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In the first article on set points, we looked at an example of clothing sizes to present the idea of a set point. For more specialization, we'll now take a closer look at how to utilize a set point in your bodybuilding lifestyle.
In review, a set point is establishing and meeting a goal in conditioning of your body or a level of fitness - and then maintaining it. For instance, Mark Dugdale has stated that 10% body fat is optimum for maintaining fitness while still being able to add muscle mass.
Lower or higher levels of body fat might interfere with the muscle gaining process. If you're current body fat percentage is 16, which is your current set point, then you might want to make 10 percent your new set point.
In some schools of fitness and bodybuilding it can be argued that a set point does not exist. If set points existed, then new ones would never have to be established. People's bodies constantly change and statistics show that after age 24, people gain a pound a year, every year.
Somehow folks believe this proves that set points do not exist. All this proves is that statistics show there are a lot of lazy couch potatoes out there who aren't too keen on setting goals to become outstanding bodybuilders with ripped abs.
Set points aren't magical. They're simply a way of setting a tangible goal that makes it easier for you to achieve that goal.
It's Story Time
Here's a short story to illustrate how to establish and use set points in your training. Bodybuilder Joe had been training for seven years. Although he had managed to gain some size, he didn't look like a bodybuilder because his body fat levels were too high.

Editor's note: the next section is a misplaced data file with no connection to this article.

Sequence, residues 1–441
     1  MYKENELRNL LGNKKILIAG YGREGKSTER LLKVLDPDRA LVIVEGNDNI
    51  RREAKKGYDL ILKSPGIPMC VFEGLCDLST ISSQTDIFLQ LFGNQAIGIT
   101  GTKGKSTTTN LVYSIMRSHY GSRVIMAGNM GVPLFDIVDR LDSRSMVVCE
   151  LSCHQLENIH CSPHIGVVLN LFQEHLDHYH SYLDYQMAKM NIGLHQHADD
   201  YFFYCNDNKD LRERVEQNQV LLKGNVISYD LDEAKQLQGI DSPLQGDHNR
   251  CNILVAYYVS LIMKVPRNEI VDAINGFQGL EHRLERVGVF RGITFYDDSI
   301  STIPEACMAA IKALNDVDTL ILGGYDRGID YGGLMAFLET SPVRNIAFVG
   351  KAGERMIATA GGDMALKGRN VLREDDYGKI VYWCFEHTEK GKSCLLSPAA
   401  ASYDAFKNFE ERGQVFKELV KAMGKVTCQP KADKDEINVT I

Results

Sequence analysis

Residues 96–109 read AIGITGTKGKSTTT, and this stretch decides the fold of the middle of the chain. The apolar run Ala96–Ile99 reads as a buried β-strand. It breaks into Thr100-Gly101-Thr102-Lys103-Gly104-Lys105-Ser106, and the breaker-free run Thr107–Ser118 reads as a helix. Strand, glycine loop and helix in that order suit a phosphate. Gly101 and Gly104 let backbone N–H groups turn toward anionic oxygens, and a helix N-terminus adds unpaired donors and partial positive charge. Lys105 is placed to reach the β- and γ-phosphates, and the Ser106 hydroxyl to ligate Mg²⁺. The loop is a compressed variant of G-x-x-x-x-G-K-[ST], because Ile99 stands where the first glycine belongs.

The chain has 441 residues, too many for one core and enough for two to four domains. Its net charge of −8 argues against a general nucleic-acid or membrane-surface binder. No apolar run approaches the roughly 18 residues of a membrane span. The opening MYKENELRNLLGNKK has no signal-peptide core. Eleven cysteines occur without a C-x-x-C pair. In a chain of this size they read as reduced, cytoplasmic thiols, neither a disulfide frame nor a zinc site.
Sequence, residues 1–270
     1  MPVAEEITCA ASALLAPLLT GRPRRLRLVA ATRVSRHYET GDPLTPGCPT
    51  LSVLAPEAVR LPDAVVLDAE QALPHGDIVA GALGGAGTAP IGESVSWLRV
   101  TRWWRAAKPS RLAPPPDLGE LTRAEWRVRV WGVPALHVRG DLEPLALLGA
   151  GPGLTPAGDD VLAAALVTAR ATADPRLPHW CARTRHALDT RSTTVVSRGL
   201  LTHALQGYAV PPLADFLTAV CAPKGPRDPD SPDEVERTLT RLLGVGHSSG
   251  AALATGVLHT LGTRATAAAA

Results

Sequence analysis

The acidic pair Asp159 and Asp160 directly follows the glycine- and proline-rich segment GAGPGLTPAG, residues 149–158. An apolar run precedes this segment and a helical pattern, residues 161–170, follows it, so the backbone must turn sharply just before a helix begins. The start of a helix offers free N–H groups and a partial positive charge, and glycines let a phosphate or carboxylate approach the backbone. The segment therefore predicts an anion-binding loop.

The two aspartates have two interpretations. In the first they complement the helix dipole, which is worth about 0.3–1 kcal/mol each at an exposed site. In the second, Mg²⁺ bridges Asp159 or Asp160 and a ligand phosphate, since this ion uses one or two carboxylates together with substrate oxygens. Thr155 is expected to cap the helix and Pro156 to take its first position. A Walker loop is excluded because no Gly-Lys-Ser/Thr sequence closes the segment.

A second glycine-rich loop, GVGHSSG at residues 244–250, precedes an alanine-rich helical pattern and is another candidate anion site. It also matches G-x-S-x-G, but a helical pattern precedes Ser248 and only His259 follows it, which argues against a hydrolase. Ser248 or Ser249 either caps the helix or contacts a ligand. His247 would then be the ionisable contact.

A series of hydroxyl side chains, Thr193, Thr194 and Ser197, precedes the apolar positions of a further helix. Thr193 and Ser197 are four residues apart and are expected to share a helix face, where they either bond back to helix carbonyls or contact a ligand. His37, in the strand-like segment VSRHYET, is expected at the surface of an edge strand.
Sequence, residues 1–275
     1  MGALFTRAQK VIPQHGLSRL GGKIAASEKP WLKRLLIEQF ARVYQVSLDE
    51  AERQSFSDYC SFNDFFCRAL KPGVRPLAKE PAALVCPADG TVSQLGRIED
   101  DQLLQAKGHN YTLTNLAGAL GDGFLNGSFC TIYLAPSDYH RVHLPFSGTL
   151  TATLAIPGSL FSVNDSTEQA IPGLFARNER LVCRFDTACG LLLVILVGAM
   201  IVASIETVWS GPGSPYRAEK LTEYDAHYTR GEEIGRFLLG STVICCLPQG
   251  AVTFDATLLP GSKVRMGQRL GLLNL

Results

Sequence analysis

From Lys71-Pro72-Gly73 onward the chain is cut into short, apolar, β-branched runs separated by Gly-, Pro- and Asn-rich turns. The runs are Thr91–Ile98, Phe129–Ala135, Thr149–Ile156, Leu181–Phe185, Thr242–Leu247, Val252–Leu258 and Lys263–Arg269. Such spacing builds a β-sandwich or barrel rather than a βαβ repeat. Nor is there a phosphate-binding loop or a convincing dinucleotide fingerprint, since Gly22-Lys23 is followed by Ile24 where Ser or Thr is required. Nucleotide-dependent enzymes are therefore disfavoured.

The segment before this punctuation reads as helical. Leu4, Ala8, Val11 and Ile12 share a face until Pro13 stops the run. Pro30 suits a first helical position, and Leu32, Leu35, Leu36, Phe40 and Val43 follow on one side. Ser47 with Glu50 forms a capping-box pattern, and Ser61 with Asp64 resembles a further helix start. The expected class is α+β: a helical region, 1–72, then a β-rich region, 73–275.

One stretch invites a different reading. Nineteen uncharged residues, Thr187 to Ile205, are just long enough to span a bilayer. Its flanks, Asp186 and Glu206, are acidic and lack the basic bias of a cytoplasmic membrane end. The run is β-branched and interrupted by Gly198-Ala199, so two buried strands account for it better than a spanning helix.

With his pudgy look, Joe looked very much like the other guys with big guts who were sweating it out for an hour on the elliptical machines. Joe decided it was time to make a change when a new female acquaintance remarked, "Oh, you work out?"
Joe had read about a few pros staying within 10-15 pounds of contest weight and he had always balked at that. Joe liked to eat and didn't want to be skinny. Joe had eaten five to six meals per day for a long time, but many of those meals were Big Macs and pizza.
He'd worked hard to put on his muscle and didn't want to risk losing any muscle by going on a silly diet, but that one single comment, "Oh, you work out?" kept gnawing at him.
Time for a change
Joe estimated his body fat percentage to be around 12. He had it tested and to his surprise, it was nearly 18! Starting Monday, Joe was going to eat cleaner.
No more McDonald's or Pizza Hut. French fries would be replaced with rice and he was going to pack his lunch every day, whether he felt like it or not.
He remembered what Dugdale had said and he was going to trim down to eight percent and never allow himself to be more than 10 percent ever again.
He knew it was going to take hard work and determination, but after so many years of looking like a smooth tub of butter, he was ready to step up to the next level. He wanted to look like those guys in the muscle mags. He knew he had the muscle, but no one could see it.